Accounting is really quite simple. Rule #1: Revenues minus expenses equals your profit or loss. In government the “expenses” are referred to as expenditures and since government isn’t in business to make a profit (at least not in the conventional sense) the bottom line becomes either a surplus (good) or a deficit (bad).
While there are some differences between business accounting and government accounting, the essentials are the same. Revenue is recorded only once, because you can only spend it once (heh). And expenditures, obviously, are counted only once as well. So simple a caveman could do it.
If you knowingly misrepresent revenues and/or expenditures, that’s fraud. You could go to jail. Unless you’re in Congress, or a senior Administration official. In those cases, and those cases alone, all rules are waived.
“We need a government that lives within its means.”
Apparently, according to a Republican source, he told members of Congress the same thing last week:
After he signed the short-term bill yesterday, President Obama said in a statement, “I’m calling on Democratic and Republican leaders of Congress to begin meeting immediately with the Vice President, my Chief of Staff, and Budget Director so we can find common ground on a budget that makes sure we are living within our means.”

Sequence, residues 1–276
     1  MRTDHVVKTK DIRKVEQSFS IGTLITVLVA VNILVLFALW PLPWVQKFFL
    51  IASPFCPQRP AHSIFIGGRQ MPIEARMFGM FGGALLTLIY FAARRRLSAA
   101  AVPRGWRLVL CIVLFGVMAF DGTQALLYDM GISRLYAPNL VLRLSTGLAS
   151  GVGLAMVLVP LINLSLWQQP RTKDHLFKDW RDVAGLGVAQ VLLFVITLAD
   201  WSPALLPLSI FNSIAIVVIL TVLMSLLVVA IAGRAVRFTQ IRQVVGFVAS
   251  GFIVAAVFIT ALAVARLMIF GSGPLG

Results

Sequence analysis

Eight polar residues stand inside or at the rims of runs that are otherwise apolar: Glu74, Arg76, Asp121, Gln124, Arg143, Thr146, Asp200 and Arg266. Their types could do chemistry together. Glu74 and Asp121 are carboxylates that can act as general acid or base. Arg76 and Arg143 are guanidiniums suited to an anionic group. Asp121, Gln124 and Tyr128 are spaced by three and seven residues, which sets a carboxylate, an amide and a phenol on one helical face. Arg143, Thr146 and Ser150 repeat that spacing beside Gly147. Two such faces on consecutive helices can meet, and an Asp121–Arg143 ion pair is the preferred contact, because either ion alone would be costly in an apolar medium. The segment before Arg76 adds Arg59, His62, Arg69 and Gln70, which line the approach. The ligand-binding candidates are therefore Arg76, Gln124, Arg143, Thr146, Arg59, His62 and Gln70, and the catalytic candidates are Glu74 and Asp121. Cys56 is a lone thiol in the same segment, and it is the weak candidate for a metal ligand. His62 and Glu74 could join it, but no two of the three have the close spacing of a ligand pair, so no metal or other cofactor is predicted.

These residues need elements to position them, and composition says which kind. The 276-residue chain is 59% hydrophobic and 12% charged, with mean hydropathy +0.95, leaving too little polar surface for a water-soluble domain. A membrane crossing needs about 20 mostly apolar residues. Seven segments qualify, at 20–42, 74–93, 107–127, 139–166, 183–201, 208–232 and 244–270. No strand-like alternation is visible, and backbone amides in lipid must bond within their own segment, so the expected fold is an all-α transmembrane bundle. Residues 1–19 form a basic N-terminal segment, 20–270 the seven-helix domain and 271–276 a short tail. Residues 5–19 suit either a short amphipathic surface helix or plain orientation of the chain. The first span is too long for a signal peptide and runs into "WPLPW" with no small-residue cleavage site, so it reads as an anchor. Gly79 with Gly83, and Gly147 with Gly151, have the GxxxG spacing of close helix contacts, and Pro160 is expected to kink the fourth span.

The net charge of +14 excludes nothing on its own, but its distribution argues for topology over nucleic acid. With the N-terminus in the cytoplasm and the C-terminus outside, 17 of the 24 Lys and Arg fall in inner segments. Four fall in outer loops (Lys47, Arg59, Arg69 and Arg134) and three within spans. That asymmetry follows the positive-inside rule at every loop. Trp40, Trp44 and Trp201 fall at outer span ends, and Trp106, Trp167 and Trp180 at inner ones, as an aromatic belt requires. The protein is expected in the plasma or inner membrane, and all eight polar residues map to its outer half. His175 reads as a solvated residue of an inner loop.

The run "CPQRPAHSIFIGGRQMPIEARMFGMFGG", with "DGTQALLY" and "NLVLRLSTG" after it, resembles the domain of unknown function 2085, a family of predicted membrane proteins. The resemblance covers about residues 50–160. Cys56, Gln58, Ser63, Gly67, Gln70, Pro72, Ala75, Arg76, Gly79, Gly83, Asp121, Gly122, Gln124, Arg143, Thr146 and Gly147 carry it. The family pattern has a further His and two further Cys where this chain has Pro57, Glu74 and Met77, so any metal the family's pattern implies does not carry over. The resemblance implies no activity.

Saying that this country must live within its means is an audacious statement coming from a president who championed an $814 billion failed stimulus bill, all of which was paid for with deficit spending. It’s audacious coming from an administration that is leading the country into another consecutive year with a deficit over a trillion dollars. And it’s audacious coming from a White House that proposed a budget for the following fiscal year that grows the debt to $20 trillion in five years and never once in a decade spends less than it’s taking in.
Hey, cut the guy some slack: he didn’t have any administrative, budgetary or leadership experience when he got here; he’s still learning how to
ruin run the country. Besides, he just got the memo on the deficit last week. Well OK, maybe he got it before then, but no one had time to read it to him. And even when they did, it was an extraordinary amount of data to process, and he wasn’t perfectly clear on exactly what a deficit was. He thought it looked pretty robust.
h/t Gateway Pundit